Golf has a habit of bringing you back down to earth with the kind of painful clatter that would’ve made the plummet of Icarus look like a controlled landing.

Everybody, for instance, has probably enjoyed the exhilaration of trundling in a 40-footer for an unlikely birdie on the 12th before enduring the lonely, humbling trudge off the very next tee as your woefully hoiked drive skitters into the wilds.

For Beth Allen, the 2017 campaign on the LPGA Tour, her first on the premier women’s circuit since 2005, was something of a sobering experience. The Edinburgh-based Californian had bounded onto the tour with a spring in her step after becoming the first American to be crowned the Ladies European Tour No 1 the previous year.

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A sturdy share of seventh in the Australian Open in her opening LPGA event provided plenty of positives but the toils and troubles kicked in and a run of 10 missed cuts in a row during the height of the season sapped the morale.

She may be American but Allen was hindered by that age old Scottish golfing affliction, namely the woes with the putter. Ahead of a new start on the LPGA Tour in the Bahamas later this month, Allen is hoping for better things in 2018.

“A year ago, things were much better golf wise but I’m determined to get back to that level of form again,” declared Allen, whose 2017 also featured an “amicable” split from her caddie Sophie Gustafson.

“I was trying to stay afloat last season and in 2018 I won’t have the big expectations after such a good 2016. This year, I can just be myself without any extra attention or burden. I’m not a different player, I just had putting issues. I’ll sort it out. I lost confidence with the putter. Because I had holed so many putts in 2016, that almost made it worse.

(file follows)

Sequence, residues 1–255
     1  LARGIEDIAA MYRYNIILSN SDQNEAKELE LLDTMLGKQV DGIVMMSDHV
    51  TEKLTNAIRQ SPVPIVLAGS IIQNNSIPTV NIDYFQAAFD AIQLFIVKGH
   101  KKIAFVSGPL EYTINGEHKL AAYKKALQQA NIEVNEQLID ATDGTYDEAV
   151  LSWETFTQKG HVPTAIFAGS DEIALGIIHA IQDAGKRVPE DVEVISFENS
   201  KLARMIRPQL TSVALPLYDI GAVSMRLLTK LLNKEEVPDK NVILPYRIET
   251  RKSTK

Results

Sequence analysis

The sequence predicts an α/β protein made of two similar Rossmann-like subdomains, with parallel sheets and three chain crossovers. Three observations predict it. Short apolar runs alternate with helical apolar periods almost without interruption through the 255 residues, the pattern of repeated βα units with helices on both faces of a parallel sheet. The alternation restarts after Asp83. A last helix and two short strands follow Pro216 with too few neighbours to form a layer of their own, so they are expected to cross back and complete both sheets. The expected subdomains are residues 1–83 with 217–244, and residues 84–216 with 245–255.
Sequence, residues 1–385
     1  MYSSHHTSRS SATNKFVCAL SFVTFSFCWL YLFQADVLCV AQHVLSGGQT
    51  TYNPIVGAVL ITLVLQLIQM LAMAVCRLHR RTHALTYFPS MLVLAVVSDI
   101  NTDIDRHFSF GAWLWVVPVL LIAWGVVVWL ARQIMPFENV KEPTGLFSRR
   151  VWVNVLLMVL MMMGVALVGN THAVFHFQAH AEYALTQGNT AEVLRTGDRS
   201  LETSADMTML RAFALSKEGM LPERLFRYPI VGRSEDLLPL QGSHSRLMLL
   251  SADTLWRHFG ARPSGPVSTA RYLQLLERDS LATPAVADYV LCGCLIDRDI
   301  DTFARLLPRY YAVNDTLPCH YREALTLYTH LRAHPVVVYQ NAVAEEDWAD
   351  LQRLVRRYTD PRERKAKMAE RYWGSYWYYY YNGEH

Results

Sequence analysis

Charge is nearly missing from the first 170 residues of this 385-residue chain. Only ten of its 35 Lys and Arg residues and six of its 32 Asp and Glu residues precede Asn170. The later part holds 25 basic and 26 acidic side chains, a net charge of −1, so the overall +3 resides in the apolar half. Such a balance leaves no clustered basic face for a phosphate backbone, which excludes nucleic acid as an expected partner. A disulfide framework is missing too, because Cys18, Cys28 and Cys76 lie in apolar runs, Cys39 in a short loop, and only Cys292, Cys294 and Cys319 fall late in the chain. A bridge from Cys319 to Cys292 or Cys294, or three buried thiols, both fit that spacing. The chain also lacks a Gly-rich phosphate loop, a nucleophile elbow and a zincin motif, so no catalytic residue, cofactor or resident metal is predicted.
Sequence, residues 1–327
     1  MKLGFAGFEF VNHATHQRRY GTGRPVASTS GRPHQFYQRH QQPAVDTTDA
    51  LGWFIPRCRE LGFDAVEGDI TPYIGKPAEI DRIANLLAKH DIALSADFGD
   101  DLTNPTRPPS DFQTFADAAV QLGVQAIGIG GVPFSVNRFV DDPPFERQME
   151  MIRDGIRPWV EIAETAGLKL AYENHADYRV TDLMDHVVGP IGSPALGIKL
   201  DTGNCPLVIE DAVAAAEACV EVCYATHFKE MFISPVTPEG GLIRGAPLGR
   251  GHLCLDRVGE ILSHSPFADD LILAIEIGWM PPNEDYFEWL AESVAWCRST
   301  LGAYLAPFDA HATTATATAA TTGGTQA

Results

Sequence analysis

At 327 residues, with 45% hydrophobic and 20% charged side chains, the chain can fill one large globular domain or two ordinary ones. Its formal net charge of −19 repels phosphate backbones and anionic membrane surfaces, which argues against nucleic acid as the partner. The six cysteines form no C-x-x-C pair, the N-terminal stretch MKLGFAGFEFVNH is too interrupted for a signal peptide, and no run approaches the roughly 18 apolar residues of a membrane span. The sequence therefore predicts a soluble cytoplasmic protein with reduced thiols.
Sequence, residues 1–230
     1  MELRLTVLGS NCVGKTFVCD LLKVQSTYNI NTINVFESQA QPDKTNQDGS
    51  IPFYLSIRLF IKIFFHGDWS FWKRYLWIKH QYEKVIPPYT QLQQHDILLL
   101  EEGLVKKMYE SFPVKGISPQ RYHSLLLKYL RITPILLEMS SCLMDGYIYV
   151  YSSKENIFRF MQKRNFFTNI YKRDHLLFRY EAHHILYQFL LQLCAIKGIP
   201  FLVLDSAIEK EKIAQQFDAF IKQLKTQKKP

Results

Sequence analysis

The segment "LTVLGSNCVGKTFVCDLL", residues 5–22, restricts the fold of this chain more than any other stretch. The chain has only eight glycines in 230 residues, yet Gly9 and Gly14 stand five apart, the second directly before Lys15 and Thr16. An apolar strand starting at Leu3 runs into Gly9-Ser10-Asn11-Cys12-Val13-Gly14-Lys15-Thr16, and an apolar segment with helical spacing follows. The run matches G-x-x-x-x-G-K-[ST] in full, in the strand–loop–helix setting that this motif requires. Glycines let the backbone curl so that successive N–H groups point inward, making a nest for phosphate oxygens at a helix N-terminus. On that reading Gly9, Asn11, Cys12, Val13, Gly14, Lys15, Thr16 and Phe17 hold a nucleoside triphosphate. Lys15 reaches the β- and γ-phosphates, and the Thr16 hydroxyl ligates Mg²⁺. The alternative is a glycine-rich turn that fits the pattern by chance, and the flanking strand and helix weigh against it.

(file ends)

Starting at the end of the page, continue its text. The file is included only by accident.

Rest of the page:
“There wasn’t any real chance to stop and work on my game either. On the LPGA you are playing every week and if you’re struggling you don’t have time to sort it out. You could come home but then you feel like you’re losing ground on everyone else. It was tricky.”

At least Allen had plenty of playing opportunities during 2017. With the troubled Ladies European Tour schedule ravaged, the 36-year-old picked a good year to earn a step up to the lucrative LPGA circuit.

The European scene remains close to Allen’s heart, however, and the struggles of the tour which gave her a platform to develop were certainly not lost on her.

“Perhaps I got lucky with the timing of getting my LPGA card given the way the LET ended up going last season,” she said. “I feel for the LET. I’m still on the board and it was tough being out in the US and seeing what was happening back here. I do care for the LET. It was a huge shame what happened and in a sense it may have been a bit distracting for me.

“I hope we can get it better again because I still plan on playing both tours. That’s what I set out to do in 2017 but didn’t really have the chance to because they weren’t many events on the LET. I love it over here in Europe and I was never that keen to go back to the US. At the end of 2016 I just thought ‘why not give it a go?’ as I was playing so well.”

The LPGA Tour has changed a bit since Allen first made tentative strides on it as a rookie back in 2005. “I’m one of the older ones out there now which is crazy,” she added. “It takes time to get used to playing so much golf again. I didn’t feel tired, though, but I just have to work that bit harder and stretch a bit more.

“The standard is at a whole new level from when I first played on it. I was more competitive this year than I was back in 2005 and that says a lot about my game.

“There are not many cuts that are over par. It’s a grind but if you have a decent week you are making money every time. And that’s nice.”

After a testing 2017, Allen will be hoping to delve deeper into the LPGA riches this season.